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Artillery Row

How capitalism gave women leisure

Feminist anti-capitalists are spinning delusions about economic history

The main beneficiaries of capitalism — heck, of the Industrial Revolution itself — have been women. This is one of those truths that makes the existence of the feminist anti-capitalist slightly difficult to understand. 

The argument comes in two parts — one falling between “easy to understand” and “generally accepted” and the other violating much that is held dear about economic history. 

More recently, it’s very obvious indeed that the female workload within the household has decreased. The vacuum cleaner, microwave, prepared foods, takeaways, irons, the whole panoply of domestic technology that the economist Ha-Joon Chang calls the “washing machine.” Hans Rosling went so far as to say that the washing machine brought him books. Now that Mom didn’t have to hand-wash the clothes she had time to go to the library and read to him.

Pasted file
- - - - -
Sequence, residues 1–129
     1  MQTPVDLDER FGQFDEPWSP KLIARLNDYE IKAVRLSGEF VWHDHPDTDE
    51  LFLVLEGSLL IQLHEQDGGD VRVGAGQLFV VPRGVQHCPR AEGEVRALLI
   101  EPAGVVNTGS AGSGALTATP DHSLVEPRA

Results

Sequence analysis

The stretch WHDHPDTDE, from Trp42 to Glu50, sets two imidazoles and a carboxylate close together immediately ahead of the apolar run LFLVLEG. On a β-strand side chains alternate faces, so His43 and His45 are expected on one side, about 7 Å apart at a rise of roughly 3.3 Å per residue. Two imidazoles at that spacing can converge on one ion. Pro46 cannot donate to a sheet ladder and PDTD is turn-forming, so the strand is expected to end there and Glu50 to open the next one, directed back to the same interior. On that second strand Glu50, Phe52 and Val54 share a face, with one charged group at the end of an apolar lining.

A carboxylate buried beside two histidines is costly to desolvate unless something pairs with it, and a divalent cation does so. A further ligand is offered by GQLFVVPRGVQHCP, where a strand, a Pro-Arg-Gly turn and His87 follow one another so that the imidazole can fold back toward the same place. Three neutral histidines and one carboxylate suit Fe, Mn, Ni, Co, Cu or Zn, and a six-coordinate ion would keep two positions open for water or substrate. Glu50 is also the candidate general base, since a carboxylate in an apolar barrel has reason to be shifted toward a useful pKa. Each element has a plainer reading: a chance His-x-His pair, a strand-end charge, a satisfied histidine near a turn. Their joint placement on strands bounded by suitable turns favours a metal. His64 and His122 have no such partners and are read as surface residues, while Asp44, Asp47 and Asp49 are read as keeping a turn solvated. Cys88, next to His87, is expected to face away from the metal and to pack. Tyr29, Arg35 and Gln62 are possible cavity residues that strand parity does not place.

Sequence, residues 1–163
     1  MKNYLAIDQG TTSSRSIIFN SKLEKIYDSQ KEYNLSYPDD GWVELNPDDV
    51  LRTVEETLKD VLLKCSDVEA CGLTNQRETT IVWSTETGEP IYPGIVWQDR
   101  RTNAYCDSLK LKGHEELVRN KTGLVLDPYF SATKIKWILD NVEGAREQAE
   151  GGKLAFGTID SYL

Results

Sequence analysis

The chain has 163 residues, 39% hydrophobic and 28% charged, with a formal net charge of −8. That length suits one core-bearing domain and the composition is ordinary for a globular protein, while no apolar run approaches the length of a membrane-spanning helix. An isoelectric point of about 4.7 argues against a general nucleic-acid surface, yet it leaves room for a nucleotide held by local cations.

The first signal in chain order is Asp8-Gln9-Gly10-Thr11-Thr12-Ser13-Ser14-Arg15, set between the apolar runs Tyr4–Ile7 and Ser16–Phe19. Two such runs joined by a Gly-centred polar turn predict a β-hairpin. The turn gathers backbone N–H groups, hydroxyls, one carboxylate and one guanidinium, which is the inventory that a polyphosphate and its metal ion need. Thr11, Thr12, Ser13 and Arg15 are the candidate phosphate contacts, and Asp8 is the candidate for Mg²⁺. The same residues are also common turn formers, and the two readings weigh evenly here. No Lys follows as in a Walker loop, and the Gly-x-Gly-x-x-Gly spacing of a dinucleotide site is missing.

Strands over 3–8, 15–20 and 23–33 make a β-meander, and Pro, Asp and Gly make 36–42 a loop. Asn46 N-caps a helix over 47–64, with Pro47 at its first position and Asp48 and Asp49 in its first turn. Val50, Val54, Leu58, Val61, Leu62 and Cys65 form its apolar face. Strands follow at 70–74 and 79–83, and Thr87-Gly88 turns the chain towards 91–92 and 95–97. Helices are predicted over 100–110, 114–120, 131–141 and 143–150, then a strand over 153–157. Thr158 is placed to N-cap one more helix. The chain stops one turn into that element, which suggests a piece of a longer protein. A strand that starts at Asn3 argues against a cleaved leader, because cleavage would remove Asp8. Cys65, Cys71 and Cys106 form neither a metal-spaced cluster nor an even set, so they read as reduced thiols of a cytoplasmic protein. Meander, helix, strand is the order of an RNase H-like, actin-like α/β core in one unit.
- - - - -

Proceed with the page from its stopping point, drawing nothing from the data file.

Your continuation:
A pencil sketch of working hours in the past century would have female household working hours declining substantially, female market working hours climbing (that economic liberation of women) and both male household and market hours declining more gently. The net result is that we all have far more leisure time than our grandparents — well, unless Grandpa was an Astor or something and you’re not — and therefore must be doing less work. One estimate has suggested that female household work has declined from 60 hours a week to the current 15 since the 1920s.

Yes, this is also work. The human economic unit is the household, so it is all labour done by the household — within it and outside it — that counts. Therefore any study of working hours has to include those done out in the market, for pay and those done in the home. For it’s the household that the whole show is trying to keep on the road.

This is not difficult to understand. Chatting with one’s own Grandmother will usually be enough to convince you, even if you have no taste for statistics.